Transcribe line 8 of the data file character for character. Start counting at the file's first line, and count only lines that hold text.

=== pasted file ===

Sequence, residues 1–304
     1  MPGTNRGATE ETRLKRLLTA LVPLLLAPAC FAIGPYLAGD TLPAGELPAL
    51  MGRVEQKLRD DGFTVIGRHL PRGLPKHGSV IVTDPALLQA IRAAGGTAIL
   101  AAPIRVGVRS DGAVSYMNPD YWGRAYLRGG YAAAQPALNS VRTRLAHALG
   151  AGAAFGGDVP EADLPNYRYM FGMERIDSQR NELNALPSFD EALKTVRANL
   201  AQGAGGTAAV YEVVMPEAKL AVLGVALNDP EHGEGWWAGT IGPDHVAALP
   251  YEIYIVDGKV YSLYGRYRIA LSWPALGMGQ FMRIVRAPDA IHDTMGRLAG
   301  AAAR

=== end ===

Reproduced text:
   301  AAAR